Action thrillers starring Liam Neeson are a mixed bag at the best of times, but Honest Thief may be the first I’ve seen that doesn’t even have a decent elevator pitch.
There’s been “Liam Neeson rescues his daughter” (AKA Taken, the granddaddy of the whole “Liam Neeson does stuff” genre), “Liam Neeson protects his son” (Run All Night), “Liam Neeson on a plane” (Non-Stop), “Liam Neeson on a train” (The Commuter), even “Liam Neeson on a snowplow while avenging his son’s death (Cold Pursuit). 1
Written and directed by Mark Williams – his first produced script and second directorial credit after 2016’s A Family Man2 – Honest Thief stars Neeson as Tom Carter, a skilled safe cracker dubbed “The In-&-Out Bandit” by the press; apt given the film in which he appears is the cinematic equivalent of takeaway.3 When Tom falls in love with kooky rental-unit-manager/psychologist-in-training Annie (Kate Walsh trying very hard), he decides to go straight. In his mind, this involves handing over his stash of cash – $9 million as yet untouched – to the FBI.
Unfortunately, the higher-ups, Agent Baker (genre legend Robert Patrick) and Meyers (Burn Notice‘s Jeffrey Donovan, eminently watchable but very much of the Joey Tribiani “smell-the-fart” school of acting), takes him for a kook and pass it down the chain of command. And so it ends up in the laps of Agents Nivens (Jai Courtney, always at his best when playing a wrong-‘un4) and Hall (Anthony Ramos, conflicted family man and SPOILER5). The opportunity arises and they take the money for themselves.
This results in plenty of opportunity for Neeson to skulk in a leather jacket and growl threats in that iconic, oh-so-gravelly Ballymena brogue. Highlights here include “Agents Nivens, I’m coming for you”, “Wrong, you got it wrong!” (*snarl*), and SPOILER6 The main issue is that the film gives him nothing to do. The most interesting character in the story is Agent Meyers, who *checks notes* is divorced and has a dog.
Honest Thief is set in Boston, but isolates the cast in vehicles; usually speeding around empty streets, occasionally with bullets ricocheting harmlessly. Filming apparently took place in Worcester, Massachusetts, but, for all the personality, it might as well have been Toronto. Williams’ direction is competent but generic and done no favours by Michael P. Shawver’s editing. Neeson may make it over a fence in a single bound7, but at least, loathe though I am to say it, Olivier Megaton et al at least have something resembling a house style; however frenetic.8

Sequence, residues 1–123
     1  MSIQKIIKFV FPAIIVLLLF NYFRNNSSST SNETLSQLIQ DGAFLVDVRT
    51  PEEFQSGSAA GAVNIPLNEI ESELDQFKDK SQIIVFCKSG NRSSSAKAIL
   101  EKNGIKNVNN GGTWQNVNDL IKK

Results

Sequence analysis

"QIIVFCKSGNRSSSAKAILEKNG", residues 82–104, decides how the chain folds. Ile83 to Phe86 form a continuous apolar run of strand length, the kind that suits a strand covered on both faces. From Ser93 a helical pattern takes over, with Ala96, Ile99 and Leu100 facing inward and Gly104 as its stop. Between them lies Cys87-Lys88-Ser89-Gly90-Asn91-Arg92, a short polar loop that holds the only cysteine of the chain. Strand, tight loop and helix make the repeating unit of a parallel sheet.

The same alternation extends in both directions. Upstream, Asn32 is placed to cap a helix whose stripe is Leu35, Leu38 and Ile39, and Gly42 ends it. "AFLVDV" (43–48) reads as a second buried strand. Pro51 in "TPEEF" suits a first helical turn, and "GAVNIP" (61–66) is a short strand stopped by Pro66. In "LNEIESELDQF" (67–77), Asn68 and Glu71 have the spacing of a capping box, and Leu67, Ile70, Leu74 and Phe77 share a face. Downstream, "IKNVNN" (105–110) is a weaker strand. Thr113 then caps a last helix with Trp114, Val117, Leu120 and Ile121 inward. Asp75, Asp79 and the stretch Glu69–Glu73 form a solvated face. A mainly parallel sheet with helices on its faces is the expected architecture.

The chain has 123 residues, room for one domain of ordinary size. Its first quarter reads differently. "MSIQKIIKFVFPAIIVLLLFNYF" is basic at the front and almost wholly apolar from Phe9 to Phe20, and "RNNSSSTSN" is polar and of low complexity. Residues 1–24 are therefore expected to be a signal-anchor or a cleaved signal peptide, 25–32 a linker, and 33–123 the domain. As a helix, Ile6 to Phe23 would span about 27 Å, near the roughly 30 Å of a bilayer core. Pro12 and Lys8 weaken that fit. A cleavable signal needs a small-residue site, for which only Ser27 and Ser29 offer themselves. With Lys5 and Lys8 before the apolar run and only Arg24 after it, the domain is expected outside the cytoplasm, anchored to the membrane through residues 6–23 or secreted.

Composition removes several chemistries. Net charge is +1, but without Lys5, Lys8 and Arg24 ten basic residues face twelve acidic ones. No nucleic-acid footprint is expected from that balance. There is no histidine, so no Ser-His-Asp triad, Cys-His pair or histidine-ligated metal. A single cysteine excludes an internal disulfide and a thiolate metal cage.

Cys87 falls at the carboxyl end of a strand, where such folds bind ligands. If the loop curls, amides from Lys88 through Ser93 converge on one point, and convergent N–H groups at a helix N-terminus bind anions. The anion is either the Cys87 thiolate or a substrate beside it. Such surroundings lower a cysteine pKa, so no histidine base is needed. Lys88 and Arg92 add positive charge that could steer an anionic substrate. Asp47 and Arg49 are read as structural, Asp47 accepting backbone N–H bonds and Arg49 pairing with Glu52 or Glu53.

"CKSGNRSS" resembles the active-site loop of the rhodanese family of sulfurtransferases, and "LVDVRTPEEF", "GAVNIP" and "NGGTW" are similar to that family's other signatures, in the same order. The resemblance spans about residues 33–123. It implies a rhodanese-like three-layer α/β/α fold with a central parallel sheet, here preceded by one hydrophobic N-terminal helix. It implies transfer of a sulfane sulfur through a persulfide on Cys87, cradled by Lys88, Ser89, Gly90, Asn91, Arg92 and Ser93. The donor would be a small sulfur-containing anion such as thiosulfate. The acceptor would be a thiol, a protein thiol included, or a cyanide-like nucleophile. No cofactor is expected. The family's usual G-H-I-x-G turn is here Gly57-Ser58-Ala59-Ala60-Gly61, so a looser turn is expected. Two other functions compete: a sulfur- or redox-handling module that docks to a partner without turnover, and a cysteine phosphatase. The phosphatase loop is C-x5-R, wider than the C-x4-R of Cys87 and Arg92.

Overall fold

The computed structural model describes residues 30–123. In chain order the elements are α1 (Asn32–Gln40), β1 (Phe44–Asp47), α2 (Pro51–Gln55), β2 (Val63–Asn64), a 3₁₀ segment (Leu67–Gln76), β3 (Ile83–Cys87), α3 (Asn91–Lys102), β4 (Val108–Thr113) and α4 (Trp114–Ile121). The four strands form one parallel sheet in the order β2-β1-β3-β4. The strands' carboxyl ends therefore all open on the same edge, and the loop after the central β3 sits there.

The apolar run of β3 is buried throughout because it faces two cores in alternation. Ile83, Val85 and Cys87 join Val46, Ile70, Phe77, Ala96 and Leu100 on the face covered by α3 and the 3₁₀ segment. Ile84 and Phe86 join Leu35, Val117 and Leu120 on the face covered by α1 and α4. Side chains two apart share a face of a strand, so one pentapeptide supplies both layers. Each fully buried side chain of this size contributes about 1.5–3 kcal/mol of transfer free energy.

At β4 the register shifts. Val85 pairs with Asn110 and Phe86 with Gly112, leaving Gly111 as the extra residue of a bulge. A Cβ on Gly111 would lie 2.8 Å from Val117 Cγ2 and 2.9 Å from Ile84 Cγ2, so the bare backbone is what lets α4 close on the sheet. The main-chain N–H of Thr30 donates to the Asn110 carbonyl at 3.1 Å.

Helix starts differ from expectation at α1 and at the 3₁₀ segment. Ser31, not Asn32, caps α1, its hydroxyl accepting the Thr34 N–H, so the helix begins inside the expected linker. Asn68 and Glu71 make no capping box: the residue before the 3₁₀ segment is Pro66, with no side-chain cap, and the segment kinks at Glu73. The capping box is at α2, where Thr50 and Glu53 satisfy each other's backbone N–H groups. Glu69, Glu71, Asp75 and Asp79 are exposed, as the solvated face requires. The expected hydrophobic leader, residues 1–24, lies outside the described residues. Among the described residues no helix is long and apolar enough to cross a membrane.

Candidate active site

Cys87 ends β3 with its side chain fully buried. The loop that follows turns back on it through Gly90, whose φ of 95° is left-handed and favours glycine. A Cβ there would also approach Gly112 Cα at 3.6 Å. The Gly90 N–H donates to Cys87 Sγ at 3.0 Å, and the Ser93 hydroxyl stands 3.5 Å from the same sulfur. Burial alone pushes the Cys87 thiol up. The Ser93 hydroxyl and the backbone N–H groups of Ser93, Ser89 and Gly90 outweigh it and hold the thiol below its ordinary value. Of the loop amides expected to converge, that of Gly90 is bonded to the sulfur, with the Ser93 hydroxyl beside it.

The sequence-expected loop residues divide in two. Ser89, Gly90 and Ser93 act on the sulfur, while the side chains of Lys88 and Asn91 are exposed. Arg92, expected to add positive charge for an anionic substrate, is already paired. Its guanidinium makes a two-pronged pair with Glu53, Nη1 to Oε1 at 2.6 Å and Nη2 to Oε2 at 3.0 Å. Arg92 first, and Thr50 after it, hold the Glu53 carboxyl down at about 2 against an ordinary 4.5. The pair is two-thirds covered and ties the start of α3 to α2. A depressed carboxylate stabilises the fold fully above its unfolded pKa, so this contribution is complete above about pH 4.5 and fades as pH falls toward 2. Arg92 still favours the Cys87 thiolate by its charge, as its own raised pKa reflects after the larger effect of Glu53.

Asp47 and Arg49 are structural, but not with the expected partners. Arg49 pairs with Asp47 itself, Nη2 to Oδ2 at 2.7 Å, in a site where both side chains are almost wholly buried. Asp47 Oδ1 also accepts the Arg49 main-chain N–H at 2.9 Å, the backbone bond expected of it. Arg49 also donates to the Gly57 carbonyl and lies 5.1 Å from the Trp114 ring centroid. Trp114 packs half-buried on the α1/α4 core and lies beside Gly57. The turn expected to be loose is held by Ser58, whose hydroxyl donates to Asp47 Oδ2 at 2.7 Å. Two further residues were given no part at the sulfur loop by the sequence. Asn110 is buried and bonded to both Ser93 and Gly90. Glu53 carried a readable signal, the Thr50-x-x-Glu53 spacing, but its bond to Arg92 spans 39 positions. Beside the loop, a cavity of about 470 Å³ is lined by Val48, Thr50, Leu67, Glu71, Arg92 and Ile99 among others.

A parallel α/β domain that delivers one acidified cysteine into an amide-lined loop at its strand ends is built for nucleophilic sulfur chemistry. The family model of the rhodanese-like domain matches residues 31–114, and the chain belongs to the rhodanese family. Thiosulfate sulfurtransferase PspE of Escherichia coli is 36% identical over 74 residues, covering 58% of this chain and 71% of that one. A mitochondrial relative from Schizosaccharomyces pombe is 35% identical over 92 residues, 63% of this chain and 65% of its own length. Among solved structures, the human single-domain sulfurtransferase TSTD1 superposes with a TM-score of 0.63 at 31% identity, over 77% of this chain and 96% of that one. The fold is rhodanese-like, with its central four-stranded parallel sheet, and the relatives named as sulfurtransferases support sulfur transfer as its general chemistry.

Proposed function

Even Neeson, ever reliable, looks more cranky than compelled. Honest Thief‘s one memorable moment – SPOILER9 – is cheapened by its reuse at the film’s (anti)climax. But at least you get to see Jeffrey Donovan have a weird soul-gaze with a cockerpoo called Tazzie at a solemn moment, so you know, something for everyone.
- And, to be fair, a few more offbeat numbers, like “Liam Neeson fights wolves (The Grey), which is, on the face of it, awesome; “Liam Neeson does neo-noir (A Walk Among the Tombstones), which has held up better in memory than my initial review; and “No one knows Liam Neeson” (Unknown), which I can’t help but think would have been more interesting written by Charlie Kaufman.
- Much more notable: the fact he co-created Netflix’s Ozarks, for which he is a double Emmy nominee, *and* produced The Accountant, which won the Movie RobCast’s “Most Batshit Movie of 2016” Award.
- The fact it is getting an IMAX release astounds me. I’m almost tempted to check it out – never before has mid-budget been writ so very large.
- His role here being, perhaps, the exception. Nivens is a thug in a suit, no humour or nuance required.
- In other words, doomed.
- “To make it worse, those gunshots that you heard was them shooting another agent, which I’m sure they’ll pin on me.”
- Unlike in Taken 3…
- Shades of Big Lebowski‘s Walter’s thoughts on National Socialism here.
- Having the hero hit the bad guy where he lives.